It’s the third time in two years Robin has been nesting in our area. The first time was in my backyard. The following two times were in my neighbour’s. The reason we managed to tame the Robin quite easily last time was because he needed a lot of food to feed his young, as I later found out. This year we even manage to hand feed the Robin using dried meal worms.This morning it’s the first time we saw one of the young Robin. Looks literally like a ball, even bigger in size than his parents! Maybe because the parents have been working out a lot fetching food for them lately. They seem to keep flying in and out of my backyard all the time throughout the day. In my view their work rate is just as amazing as the bees. Even such small creatures can demonstrate loving kindness. Isn’t it fascinating?Looks like all of them will be leaving the nest anytime soon, as I think the young Robins are learning how to fly now. Hope they will have their next brood here as well, as they can have multiple broods in one year.
I’m really pleased to receive the positive feedbacks on the website for my small travel business venture to Malaysia. They mean a lot to me, as I have spent just so much time on the website. I don’t claim to have created the website from scratch, but it is so much work to get the website to look the way I want. It is such a relief to know that these effort has not gone wasted.I think the content for the website is quite important. I remember when I initially showed to some people their remarks were just so so only. After working on the content, it seems that people are now starting to appreciate the business we are working on. I guess the passion and confidence in my own business does help too. And I genuinely believe that tourism is the best way forward for Borneo if we want to keep the rainforest and the biodiversity there. You probably have no idea that there are many people out there who want to turn these forest into oil palm plantation for biodiesel. In fact one of my close friends has some land in Sabah that has just been turned into an oil palm plantation recently! It was an act my friend is not particularly proud of, even though the land he bought used to be secondary forest, rather than primary. Bio-fuel cannot be a direct replacement of natural fuel source. People really should conciously cut down energy wastage. There’s no excuse for not doing that and people should be ridiculed for being ignorant. People need to start realising the consequences of their actions.Circumstances change from time to time. What was acceptable years ago is now frowned upon. Seems a bit strange sometimes but nothing new. Guess we just need to keep updating ourselves so that what we now know as mistakes are not repeated again.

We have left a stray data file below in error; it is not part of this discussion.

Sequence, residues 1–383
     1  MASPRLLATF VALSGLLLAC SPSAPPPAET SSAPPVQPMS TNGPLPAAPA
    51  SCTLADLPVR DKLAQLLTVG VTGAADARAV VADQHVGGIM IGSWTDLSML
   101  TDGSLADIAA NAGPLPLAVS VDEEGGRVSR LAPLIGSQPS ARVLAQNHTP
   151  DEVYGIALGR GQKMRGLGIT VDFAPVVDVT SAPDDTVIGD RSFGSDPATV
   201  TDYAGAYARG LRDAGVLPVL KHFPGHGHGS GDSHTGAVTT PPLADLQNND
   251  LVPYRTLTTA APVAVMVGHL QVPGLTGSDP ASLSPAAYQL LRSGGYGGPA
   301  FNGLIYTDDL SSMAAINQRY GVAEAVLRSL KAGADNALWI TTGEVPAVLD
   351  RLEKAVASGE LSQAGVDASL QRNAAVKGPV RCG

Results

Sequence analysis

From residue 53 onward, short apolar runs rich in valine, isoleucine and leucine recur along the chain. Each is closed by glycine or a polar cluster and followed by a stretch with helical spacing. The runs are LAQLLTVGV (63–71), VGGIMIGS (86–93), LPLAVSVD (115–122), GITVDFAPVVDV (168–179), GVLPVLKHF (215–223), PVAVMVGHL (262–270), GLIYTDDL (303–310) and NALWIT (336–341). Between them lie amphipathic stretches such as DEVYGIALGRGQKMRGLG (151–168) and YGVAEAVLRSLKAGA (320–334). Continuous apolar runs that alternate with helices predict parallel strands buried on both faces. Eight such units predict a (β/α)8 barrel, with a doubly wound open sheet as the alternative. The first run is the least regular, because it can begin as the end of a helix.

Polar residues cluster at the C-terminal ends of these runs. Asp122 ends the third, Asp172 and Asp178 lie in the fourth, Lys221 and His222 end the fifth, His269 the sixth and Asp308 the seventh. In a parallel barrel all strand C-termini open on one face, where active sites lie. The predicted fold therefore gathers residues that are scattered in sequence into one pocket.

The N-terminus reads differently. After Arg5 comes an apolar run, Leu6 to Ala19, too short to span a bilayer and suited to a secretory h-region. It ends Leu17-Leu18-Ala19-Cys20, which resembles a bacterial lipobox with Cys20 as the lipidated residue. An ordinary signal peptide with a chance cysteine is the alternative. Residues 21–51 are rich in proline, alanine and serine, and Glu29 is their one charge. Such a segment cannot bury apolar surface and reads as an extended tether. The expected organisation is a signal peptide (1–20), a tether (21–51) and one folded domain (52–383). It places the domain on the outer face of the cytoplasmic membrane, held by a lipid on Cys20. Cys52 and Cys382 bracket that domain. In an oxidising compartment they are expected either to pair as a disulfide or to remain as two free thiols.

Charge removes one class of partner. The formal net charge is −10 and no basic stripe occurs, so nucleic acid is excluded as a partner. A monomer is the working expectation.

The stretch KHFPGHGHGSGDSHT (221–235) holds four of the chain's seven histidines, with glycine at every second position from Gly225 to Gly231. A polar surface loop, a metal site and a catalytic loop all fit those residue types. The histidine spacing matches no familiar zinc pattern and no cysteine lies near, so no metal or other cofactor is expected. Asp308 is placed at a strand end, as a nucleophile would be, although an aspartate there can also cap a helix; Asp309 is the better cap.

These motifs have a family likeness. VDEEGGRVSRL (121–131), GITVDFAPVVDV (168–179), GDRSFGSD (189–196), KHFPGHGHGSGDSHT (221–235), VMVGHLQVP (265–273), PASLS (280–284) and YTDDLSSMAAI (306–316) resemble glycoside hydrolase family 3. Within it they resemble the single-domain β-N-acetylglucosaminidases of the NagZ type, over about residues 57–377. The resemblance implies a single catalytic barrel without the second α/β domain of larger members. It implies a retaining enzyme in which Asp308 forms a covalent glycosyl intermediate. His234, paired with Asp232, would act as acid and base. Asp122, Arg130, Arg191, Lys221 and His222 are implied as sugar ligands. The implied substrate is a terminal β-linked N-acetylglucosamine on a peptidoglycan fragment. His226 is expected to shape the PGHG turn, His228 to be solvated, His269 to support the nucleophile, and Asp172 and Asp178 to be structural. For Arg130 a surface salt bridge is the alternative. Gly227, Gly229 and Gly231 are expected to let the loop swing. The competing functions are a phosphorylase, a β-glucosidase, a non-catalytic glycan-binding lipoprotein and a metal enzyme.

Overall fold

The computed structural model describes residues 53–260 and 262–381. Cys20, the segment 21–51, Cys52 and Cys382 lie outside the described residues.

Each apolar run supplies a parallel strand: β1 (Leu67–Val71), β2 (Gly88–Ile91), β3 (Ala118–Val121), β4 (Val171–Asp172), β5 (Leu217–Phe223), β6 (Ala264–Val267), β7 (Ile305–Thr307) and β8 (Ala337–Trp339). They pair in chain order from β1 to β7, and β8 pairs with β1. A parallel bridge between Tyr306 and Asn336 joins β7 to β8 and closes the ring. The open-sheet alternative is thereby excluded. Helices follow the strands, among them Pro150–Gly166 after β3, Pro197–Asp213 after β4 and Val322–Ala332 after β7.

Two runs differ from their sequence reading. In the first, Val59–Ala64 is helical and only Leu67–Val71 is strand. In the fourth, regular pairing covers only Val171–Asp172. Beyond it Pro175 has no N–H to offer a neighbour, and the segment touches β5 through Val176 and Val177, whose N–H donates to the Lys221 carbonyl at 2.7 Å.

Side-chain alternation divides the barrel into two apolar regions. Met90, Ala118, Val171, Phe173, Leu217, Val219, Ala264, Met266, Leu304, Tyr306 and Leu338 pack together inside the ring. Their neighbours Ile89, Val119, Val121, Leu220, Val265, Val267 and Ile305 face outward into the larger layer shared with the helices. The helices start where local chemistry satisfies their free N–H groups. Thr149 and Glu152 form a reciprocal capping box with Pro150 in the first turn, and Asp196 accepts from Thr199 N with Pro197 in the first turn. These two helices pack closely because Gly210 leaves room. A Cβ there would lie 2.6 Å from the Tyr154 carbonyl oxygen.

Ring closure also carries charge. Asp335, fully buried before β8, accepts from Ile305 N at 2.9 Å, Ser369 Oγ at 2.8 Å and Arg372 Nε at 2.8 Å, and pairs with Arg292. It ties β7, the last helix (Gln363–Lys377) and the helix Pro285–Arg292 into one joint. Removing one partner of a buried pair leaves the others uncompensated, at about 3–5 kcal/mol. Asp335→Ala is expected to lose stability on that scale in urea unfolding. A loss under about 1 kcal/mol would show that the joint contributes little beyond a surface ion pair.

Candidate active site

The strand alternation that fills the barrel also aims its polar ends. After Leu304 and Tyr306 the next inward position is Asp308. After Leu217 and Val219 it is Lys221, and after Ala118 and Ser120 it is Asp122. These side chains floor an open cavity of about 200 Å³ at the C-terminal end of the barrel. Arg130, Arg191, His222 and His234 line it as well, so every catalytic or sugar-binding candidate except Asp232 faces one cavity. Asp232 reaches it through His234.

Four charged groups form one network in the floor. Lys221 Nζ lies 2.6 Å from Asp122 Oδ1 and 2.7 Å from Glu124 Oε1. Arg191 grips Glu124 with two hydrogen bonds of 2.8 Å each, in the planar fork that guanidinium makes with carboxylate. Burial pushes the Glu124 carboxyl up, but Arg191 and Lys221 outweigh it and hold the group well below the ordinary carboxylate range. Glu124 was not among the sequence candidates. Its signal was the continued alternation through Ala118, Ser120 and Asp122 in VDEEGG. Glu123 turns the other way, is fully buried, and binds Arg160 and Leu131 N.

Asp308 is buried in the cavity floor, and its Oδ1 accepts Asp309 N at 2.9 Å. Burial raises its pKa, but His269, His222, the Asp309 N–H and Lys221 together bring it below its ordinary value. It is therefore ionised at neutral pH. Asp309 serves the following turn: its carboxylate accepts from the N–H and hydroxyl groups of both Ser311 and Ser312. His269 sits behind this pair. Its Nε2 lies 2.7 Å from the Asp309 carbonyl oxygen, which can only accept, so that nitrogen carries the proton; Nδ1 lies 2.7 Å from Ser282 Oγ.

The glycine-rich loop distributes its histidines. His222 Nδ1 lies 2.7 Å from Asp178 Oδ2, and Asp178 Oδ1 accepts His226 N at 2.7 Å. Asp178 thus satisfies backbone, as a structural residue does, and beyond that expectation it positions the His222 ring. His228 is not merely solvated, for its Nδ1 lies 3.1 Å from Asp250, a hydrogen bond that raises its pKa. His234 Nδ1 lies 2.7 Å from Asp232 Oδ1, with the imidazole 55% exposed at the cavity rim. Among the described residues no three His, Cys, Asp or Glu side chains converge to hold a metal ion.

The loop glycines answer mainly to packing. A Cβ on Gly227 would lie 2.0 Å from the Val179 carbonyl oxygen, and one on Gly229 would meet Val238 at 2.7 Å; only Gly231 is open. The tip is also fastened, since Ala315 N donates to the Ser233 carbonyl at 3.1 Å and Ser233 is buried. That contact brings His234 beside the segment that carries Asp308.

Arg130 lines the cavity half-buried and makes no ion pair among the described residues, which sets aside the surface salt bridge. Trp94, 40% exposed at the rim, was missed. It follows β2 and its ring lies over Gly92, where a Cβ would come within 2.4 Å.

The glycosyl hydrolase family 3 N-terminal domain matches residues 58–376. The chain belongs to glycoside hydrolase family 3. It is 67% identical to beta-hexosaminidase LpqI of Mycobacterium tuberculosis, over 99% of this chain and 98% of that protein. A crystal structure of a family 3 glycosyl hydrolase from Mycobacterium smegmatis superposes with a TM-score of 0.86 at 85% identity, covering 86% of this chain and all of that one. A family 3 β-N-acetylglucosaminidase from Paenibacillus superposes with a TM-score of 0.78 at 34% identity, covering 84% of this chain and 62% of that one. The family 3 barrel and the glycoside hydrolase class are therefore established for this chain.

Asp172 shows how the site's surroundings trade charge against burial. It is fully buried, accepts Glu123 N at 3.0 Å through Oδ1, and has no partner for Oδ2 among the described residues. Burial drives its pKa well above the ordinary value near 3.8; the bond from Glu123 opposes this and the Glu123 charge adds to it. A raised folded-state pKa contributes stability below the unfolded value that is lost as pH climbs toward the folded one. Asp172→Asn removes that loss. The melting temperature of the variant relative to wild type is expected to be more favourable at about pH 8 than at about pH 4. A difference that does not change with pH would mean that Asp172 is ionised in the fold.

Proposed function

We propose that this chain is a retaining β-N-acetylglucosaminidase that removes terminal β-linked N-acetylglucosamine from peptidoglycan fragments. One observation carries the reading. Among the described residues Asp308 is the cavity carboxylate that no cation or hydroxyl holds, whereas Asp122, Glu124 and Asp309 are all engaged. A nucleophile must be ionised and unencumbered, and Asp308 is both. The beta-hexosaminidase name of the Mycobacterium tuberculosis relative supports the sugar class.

I am reading the New Scientist magazine and there are yet several more articles on climate change. One of the article raised the question that most of us would probably have considered at one point. Does it make a difference whether I walk or drive? Or if I leave my tv and computers on standby rather than unplugging the power? Or if I just “forgot” to recycle? The conclusion, as you might guess, is: of course it does!It may not be significant if one person does it, but if everyone else does, then it would make an enormous contribution towards reducing our carbon footprint. Of course the obstacle is to persuade everyone to change their habits. If only everyone can do their bit and help, then this would probably be the most significant contribution you can make to the society and the future generations.
These days Robin is not coming over for mealworms as frequently as before, when he has his children to feed. It’s likely that he’s not short of food now that it is summer (I think) with plenty of insects around.Talking about insects, we recently bought three berries plants, Holly, Raspberry and Blackcurrant, to help boost our garden as a “prime” destination for birds to come visit for food. In fact we have also put up an open fronted nestbox to tempt robins to come nest in our backyard. Anyway, holes are appearing on the leaves of the Blackcurrant tree. After some searching on the Internet I gather that it is aphid that is doing the damage. Remembering from watching Springwatch that ladybird can help control this pest, think I’m going to add a ladybird log tower to my backyard as well. It is indeed fascinating to know that I can grow my own ladybird. Or you can even buy adult ladybirds to put into the log tower! 25 for the price �20, anyone 🙂 And they are not guaranteed to live in the shelter you provide!